P H Thrall

Summary

Country: Australia

Publications

  1. ncbi Sexually transmitted diseases in polygynous mating systems: prevalence and impact on reproductive success
    P H Thrall
    Centre for Plant Biodiversity Research, Commonwealth Scientific and Industrial Research Organisation Division of Plant Industry, Canberra, ACT, Australia
    Proc Biol Sci 267:1555-63. 2000
  2. ncbi Local adaptation in the Linum marginale-Melampsora lini host-pathogen interaction
    Peter H Thrall
    Centre for Plant Biodiversity Research, CSIRO Plant Industry, Canberra ACT, Australia
    Evolution 56:1340-51. 2002
  3. ncbi Coevolution of plants and their pathogens in natural habitats
    Jeremy J Burdon
    Commonwealth Scientific and Industrial Research Organization CSIRO Plant Industry, Post Office Box 1600, Canberra, ACT 2601, Australia
    Science 324:755-6. 2009
  4. ncbi Evolutionary diversification through hybridization in a wild host-pathogen interaction
    Luke G Barrett
    CSIRO Plant Industry, GPO Box 1600, Canberra, Australian Capital Territory, 2601, Australia
    Evolution 61:1613-21. 2007
  5. ncbi Enemy release after introduction of disease-resistant genotypes into plant-pathogen systems
    Robert C Godfree
    Commonwealth Scientific and Industrial Research Organization, Division of Plant Industry, GPO Box 1600, Canberra ACT 2601, Australia
    Proc Natl Acad Sci U S A 104:2756-60. 2007
  6. ncbi Coevolution of symbiotic mutualists and parasites in a community context
    Peter H Thrall
    CSIRO Plant Industry, GPO Box 1600, Canberra, ACT 2601, Australia
    Trends Ecol Evol 22:120-6. 2007
  7. ncbi The current and future dynamics of disease in plant communities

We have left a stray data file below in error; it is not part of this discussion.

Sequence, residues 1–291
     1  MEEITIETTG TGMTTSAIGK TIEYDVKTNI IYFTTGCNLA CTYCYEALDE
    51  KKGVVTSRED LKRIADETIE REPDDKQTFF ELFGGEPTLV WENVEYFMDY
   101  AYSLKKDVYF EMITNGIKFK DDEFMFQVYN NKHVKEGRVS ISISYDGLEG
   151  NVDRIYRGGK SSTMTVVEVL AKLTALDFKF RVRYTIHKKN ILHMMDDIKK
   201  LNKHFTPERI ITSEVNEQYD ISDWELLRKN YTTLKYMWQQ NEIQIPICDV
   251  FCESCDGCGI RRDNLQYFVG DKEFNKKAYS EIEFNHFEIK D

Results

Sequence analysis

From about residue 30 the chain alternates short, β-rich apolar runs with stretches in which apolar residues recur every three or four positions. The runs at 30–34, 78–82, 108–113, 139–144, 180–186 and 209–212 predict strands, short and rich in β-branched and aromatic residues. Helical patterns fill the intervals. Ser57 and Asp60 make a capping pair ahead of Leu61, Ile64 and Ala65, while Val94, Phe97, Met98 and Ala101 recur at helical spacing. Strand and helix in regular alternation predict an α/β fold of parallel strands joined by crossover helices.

Jeremy J Burdon
    CSIRO Plant Industry, GPO Box 1600, Canberra, A C T 2601, Australia
    Annu Rev Phytopathol 44:19-39. 2006
  8. ncbi The fitness costs to plants of resistance to pathogens
    Jeremy J Burdon
    Division of Plant Industry, CSIRO, PO Box 1600, Canberra, ACT 2601, Australia
    Genome Biol 4:227. 2003
  9. ncbi Evolution of virulence in a plant host-pathogen metapopulation
    Peter H Thrall
    Commonwealth Scientific and Industrial Research Organization CSIRO Plant Industry, Centre for Plant Biodiversity Research, General Post Office Box 1600, Canberra, ACT 2601, Australia
    Science 299:1735-7. 2003
  10. ncbi Population structure and diversity in sexual and asexual populations of the pathogenic fungus Melampsora lini
    Luke G Barrett
    CSIRO Plant Industry, GPO Box 1600, Canberra, ACT 2601, Australia
    Mol Ecol 17:3401-15. 2008

Detail Information

Publications15

  1. ncbi Sexually transmitted diseases in polygynous mating systems: prevalence and impact on reproductive success
    P H Thrall
    Centre for Plant Biodiversity Research, Commonwealth Scientific and Industrial Research Organisation Division of Plant Industry, Canberra, ACT, Australia
    Proc Biol Sci 267:1555-63. 2000
    ..Thus, the potential for STDs to act as a constraint on directional selection processes leading to polygyny (or polyandry) is likely to depend on the details of mate choice and group dynamics...
  2. ncbi Local adaptation in the Linum marginale-Melampsora lini host-pathogen interaction
    Peter H Thrall
    Centre for Plant Biodiversity Research, CSIRO Plant Industry, Canberra ACT, Australia
    Evolution 56:1340-51. 2002
    ..We argue that this is unlikely to be the case in the metapopulation situations that predominate in natural host-pathogen interactions, thus requiring tests that control simultaneously for variation in plant and pathogen populations...
  3. ncbi Coevolution of plants and their pathogens in natural habitats
    Jeremy J Burdon
    Commonwealth Scientific and Industrial Research Organization CSIRO Plant Industry, Post Office Box 1600, Canberra, ACT 2601, Australia
    Science 324:755-6. 2009
    ..The next challenge lies in further integration of these approaches to develop a comprehensive picture of how life history traits of both players interact with the environment to shape evolutionary trajectories...
  4. ncbi Evolutionary diversification through hybridization in a wild host-pathogen interaction
    Luke G Barrett
    CSIRO Plant Industry, GPO Box 1600, Canberra, Australian Capital Territory, 2601, Australia
    Evolution 61:1613-21. 2007
    ....
  5. ncbi Enemy release after introduction of disease-resistant genotypes into plant-pathogen systems